Notre Dame's Everett Golson was 14-for-22 for 295 yards and two touchdowns, and rushed for three touchdowns against Rice last weekend. (Jonathan Daniel / Getty Images)
Ann Arbor — Ask Michigan defenders and coaches what is the first thing they notice about Notre Dame’s offense, and the answer is hardly surprising.
It would be difficult for anyone to have missed quarterback Everett Golson’s performance in Notre Dame’s season opener Saturday, a 48-17 victory over Rice in which he played a role in five touchdowns.
Golson was 14-for-22 for 295 yards and two touchdowns of 75 and 53 yards and rushed for three touchdowns in his first game back after his suspension last season for what he called “poor academic judgment.”
“To me, watching him on tape, he has a really strong arm,” said Michigan defensive coordinator Greg Mattison, whose team heads to South Bend on Saturday night, the last time the teams meet for the foreseeable future.
“He has thrown so many deep passes this last game, more than he usually would, that were on the money. I see a guy who’s not only mobile but also has a really, really strong arm. He’s becoming a really complete quarterback in my mind.”
Notre Dame coach Brian Kelly described the 6-foot, 200-pound Golson’s performance in the victory as “electric.”
“He kept his eyes downfield, knew when to run, knew when to throw it, and those are things we really talked about,” Kelly said after the game. “We didn’t want to overcoach him in that we were going to allow him to get outside the pocket and be a football player and just naturally go play the game. He came back and I think really showed the kind of player that he can be.”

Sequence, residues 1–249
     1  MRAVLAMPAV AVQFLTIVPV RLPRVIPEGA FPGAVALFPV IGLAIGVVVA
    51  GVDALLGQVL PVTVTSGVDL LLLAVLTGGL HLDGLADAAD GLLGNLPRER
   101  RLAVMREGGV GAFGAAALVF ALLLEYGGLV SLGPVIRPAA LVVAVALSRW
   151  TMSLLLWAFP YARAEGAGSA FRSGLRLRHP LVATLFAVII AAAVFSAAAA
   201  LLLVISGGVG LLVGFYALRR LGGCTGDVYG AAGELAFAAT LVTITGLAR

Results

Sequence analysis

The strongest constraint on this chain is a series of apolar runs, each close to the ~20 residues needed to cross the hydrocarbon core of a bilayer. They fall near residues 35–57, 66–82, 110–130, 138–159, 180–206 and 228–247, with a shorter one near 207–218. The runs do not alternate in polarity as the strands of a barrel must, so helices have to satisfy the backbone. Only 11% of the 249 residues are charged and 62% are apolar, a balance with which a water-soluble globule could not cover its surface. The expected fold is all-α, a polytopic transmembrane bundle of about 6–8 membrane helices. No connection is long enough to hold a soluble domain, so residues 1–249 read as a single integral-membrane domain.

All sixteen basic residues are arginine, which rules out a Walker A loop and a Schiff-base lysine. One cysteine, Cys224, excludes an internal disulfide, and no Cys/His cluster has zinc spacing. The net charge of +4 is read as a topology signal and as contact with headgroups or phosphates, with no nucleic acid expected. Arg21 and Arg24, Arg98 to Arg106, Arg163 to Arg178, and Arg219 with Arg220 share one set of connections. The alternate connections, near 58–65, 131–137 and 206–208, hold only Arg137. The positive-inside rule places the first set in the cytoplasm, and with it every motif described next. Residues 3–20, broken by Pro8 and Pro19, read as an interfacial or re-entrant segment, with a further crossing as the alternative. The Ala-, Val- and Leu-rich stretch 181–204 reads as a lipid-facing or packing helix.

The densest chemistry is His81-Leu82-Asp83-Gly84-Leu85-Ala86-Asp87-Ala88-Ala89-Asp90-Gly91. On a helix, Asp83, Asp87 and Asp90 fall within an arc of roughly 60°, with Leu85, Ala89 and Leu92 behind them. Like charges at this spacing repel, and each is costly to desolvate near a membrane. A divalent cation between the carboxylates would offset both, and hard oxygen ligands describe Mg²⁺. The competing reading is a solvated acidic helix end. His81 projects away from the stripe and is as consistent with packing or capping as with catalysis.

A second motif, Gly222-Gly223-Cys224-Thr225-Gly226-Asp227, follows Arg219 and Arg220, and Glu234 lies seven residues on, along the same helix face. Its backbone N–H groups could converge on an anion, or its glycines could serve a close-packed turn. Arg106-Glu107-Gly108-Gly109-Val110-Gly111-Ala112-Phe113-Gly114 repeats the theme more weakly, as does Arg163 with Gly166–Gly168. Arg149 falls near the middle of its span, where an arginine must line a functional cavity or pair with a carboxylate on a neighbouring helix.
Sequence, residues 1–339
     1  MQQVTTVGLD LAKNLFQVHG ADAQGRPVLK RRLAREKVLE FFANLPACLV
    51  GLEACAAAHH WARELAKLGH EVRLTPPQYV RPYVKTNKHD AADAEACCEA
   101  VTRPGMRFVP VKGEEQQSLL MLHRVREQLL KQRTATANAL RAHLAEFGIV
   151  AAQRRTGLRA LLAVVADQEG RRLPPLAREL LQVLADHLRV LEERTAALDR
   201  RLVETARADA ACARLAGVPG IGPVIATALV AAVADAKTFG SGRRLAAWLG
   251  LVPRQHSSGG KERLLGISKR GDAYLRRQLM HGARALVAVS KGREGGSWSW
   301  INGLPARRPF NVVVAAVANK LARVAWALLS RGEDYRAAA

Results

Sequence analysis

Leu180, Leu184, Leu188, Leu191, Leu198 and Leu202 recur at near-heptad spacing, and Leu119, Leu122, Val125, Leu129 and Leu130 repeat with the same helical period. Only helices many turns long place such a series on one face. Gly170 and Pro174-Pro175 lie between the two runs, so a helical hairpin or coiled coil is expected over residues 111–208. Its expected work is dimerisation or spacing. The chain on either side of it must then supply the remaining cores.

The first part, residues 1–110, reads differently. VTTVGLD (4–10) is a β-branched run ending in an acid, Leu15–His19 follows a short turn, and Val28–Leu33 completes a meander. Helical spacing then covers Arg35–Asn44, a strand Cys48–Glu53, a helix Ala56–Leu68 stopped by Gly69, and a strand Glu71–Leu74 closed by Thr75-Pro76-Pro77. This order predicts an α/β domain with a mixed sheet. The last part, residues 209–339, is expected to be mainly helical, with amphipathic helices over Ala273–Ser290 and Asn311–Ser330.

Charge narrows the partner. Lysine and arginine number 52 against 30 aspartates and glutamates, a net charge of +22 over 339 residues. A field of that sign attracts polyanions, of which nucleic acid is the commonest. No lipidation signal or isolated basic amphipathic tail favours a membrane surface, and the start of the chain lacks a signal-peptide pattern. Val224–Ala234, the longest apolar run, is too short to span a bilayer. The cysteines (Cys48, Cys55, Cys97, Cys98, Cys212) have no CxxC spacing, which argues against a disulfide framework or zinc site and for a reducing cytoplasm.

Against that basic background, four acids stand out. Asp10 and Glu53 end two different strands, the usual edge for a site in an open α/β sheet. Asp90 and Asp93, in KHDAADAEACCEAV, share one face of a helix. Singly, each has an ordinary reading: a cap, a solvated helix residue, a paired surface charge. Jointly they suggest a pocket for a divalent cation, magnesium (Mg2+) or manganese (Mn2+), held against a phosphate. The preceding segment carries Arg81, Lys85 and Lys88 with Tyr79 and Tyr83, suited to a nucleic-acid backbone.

Golson said he felt considerably different than he did two years ago.
The biggest difference, he said, was his confidence. “There’s areas I could clean up,” Golson said after the game, referring to footwork and technique. “But I think overall (the difference was) confidence.”
It had been 19 months — 600 days — since Golson last played, and that was in the BCS title loss to Alabama. When he returned to the Irish for spring practice, Kelly marveled at how much his quarterback had improved in terms of film study and understanding the offense.
Michigan coach Brady Hoke could not help but be impressed by Golson’s performance. But he was not surprised. “He’s pretty athletic,” Hoke said. “I always thought he threw the ball well from a mechanical standpoint. ... He is an impressive guy. He can be true with his feet, he can be true with his arm.
“Anytime a guy is involved with five touchdowns, he’s going to impress you. How he managed the offense, how he ran the offense, obviously he’s a dual-threat guy.”
Dual-threat quarterbacks have given the Wolverines some problems, but senior linebacker Jake Ryan said facing Michigan quarterback Devin Gardner in practice every day has been helpful in preparations.
“We’ve seen guys like that over the years,” Ryan said Tuesday after practice. “We’ve practiced against Denard (Robinson) and Devin. We feel ready.”